[17] Considering the groups of woody and nonwoody types, the intragroup competition mechanism is different from the mechanism of intergroup competition: within a group the different PFTs compete by their long-term NPP average math formula (average over several years). This competition is implemented by weighting the expansion terms in equations (7) and (8) by the relative NPP of the particular PFT compared to total NPP within the particular vegetation group. When a PFT falls outside its bioclimatic limits (see section 3.4), its ability to expand is zero. Therefore, in this case the respective value of math formula is set to zero. The exponent α is an additional control parameter by which competition within the class of woody PFTs is further controlled. For math formula PFTs with high NPP are given an additional migratory advantage. Accordingly, α controls the time scale of succession, which is for tree species of the order of centuries [Begon et al., 1999]. For typical relative differences in math formula this is assured by choosing math formula.

[18] Finally, there are terms describing disturbance losses by wildfires and windthrow. These are described in the following section.

3.3. Disturbances

[19] DYNVEG accounts for two types of disturbances: vegetation fires and windthrow. These processes determine the disturbance rates math formula in equations (7) and (8) (yr−1) which accordingly consist of separate contributions from fires and windthrow:

display math(9)

Note that the windthrow rate is independent of the cover fractions and set to zero for grasses because of negligible aerodynamic resistance.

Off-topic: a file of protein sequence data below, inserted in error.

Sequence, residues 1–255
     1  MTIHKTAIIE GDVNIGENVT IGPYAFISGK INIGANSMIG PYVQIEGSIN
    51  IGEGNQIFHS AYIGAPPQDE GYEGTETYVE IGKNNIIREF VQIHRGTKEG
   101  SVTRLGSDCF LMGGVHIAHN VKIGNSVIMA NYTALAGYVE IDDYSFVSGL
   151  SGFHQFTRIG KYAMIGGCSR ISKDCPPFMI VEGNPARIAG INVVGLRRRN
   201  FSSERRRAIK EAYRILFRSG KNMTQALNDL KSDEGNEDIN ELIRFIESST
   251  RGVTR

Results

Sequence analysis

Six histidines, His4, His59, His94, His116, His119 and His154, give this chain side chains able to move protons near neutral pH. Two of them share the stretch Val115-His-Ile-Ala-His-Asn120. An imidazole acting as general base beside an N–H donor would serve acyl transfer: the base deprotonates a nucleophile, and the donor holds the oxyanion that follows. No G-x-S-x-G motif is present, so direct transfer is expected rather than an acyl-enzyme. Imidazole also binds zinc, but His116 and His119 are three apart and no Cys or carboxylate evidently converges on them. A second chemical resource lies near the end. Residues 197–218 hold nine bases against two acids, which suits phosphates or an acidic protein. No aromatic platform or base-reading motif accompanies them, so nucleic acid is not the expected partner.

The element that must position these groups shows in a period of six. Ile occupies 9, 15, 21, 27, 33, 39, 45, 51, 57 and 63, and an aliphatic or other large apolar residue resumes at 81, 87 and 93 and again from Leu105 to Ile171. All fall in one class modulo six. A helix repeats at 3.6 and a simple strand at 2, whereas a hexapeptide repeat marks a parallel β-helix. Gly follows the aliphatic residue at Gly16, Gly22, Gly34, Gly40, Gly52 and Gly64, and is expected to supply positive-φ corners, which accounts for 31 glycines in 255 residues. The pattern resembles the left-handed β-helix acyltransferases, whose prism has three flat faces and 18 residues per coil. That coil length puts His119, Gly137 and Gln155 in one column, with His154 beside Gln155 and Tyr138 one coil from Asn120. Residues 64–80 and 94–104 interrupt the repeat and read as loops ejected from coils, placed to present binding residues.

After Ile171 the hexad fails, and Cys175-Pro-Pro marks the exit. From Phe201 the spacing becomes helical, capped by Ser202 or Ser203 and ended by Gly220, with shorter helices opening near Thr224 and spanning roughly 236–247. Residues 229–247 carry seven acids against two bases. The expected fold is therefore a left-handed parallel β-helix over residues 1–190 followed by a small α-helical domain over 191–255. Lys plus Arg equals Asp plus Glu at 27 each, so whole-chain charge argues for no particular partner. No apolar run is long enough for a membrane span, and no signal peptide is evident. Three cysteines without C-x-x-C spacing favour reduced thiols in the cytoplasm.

[20] It is assumed that wildfires happen only if (i) sufficient above ground plant litter L is available for combustion (L must be larger than a threshold value L0 chosen as L0 = 16.67 mol(C) m−2), and if (ii) the litter is sufficiently dry to catch fire. Such a relationship between humidity of plant litter and flammability is well supported by observations [Catchpole et al., 2001]. Here, litter dryness is measured by a several weeks' average of relative air humidity (denoted by math formula) of the lowest atmospheric level, and “sufficiently dry” then means that h must be lower than a certain threshold humidity h0 (chosen as math formula). From experiments in grasslands it is known that once ignited, the spread of wildfires increases with decreasing fuel moisture, but the spread in the observational data is large [Cheney et al., 1998]. Under these conditions the fire disturbance rate is assumed to increase linearly with decreasing humidity:

display math(10)

Here math formula and math formula are minimum fire disturbance rates for woody types and grasses, and math formula are the inverse of a characteristic frequency for the appearance of wildfires in woody types and grasses (with math formula so that the fire rate for woody types is smaller than for grasses). This fire disturbance rate depends on the extent of woody types math formula and grasses math formula only via the value of the above ground litter L. Here DYNVEG is closely linked to the land carbon cycle in JSBACH that will be presented elsewhere. More precisely, L is the average above ground carbon litter density in the vegetated part of a grid cell. In JSBACH it is obtained from the cover fractions ci (that are directly related to math formula and math formula; see section 3.6) and above ground carbon litter densities in the so-called green litter carbon pool math formula (litter from nonlignified biomass) and the woody litter carbon pool math formula (litter from lignified biomass) by math formula where the sum extends over all tiles in a grid cell.